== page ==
The best films in Sundance 2020 according to Rotten Tomatoes

2020 Sundance Film Festival best movies
Source: Never Rarely Sometimes Always Trailer (2020), Movie Coverage | YouTube

Outside the three biggest international film festivals in the world (Cannes, Berlin, and Venice) there are other prestigious film festivals that every director, writer, and actor dream of showcasing in and the Sundance Film Festival is one of them.

This year, Sundance featured 118 new movies to its wide range of audiences, and Rotten Tomatoes has named some of the ‘best’ of these films according to them, which holds a lot of weight to some but not to others.

The films screened ranged from lesser-known indie productions looking for a wider distribution to big award contenders looking for legitimacy. Popularity and critical acclaim are two different factors and a lot of films seek both, and according to Rotten Tomatoes, these movies fit the bill perfectly.

The 40-Year-Old Version (94% on the Tomatometer)

Radha Blank’s first-ever feature film. The 40-Year-Old Version is a semi-biographical farce that stars Blank as a 40-year-old woman who transitions her career from being a playwright to a rapper. After struggling for years teaching drama to teens, people start to take notice when she begins to rap. Reports have said that Netflix is interested in buying the film.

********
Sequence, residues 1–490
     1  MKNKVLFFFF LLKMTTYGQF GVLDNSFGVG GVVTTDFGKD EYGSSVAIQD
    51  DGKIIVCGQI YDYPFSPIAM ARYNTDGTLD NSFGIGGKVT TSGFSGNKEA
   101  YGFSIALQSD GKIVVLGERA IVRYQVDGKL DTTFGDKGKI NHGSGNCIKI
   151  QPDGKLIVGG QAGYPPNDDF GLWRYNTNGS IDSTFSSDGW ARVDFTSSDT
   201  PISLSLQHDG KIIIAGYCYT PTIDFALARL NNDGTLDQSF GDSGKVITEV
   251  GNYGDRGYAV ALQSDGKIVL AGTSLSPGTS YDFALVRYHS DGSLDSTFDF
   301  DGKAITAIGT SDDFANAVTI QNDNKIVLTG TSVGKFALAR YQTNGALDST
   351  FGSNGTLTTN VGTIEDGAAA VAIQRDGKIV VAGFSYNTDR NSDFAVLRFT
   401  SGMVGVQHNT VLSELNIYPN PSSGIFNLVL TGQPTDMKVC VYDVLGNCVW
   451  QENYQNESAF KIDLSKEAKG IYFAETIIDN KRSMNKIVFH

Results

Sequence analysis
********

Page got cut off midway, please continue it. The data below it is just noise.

Crip Camp (100% on the Tomatometer)

The Obamas’ second production with their deal with Netflix. Crip Camp is a documentary about Camp Jened, a summer facility for disabled people that co-director Jim LeBrecht attended in. LeBrecht was diagnosed with spina bifida and was part of the camp during a focal point in the disability rights movement in the 1970s before the Rehabilitation Act of 1973 was passed. Crip Camp won the U.S. Docu Audience Award this year.

Palm Springs (100% on the Tomatometer)

Andy Samberg’s Palm Springs just broke records in becoming the most expensive movie to be procured at Sundance when Hulu bought the film for $17.5 million. The romantic comedy stars Brooklyn Nin-Nine’s Andy Samberg and The Venture Bros’ Cristin Milioti.

Minari (100% on the Tomatometer)

A semi-autobiographical memoir by Lee Isaac Chung’s childhood in Arkansas. Steven Yeun and Yeri Han top-bills the movie as chicken sexers, employees who determine the sex of day-old chicks in a hatchery in California. THey move to a small farmland in Arkansas, planning to turn it into a vegetable farm. Minari won this year’s Grand Jury Prize.

Never Rarely Sometimes Always (100% on the Tomatometer)

The third movie from filmmaker Eliza Hitman explores uncertainty and sexuality and all the consequences and hardships that form in between. The film’s title is from the questionnaire the teen protagonist played by Sidney Flanigan fills out for a pre-abortion screening in New York. Never Rarely Sometimes Always won this year’s U.S. Dramatic Special Jury Award.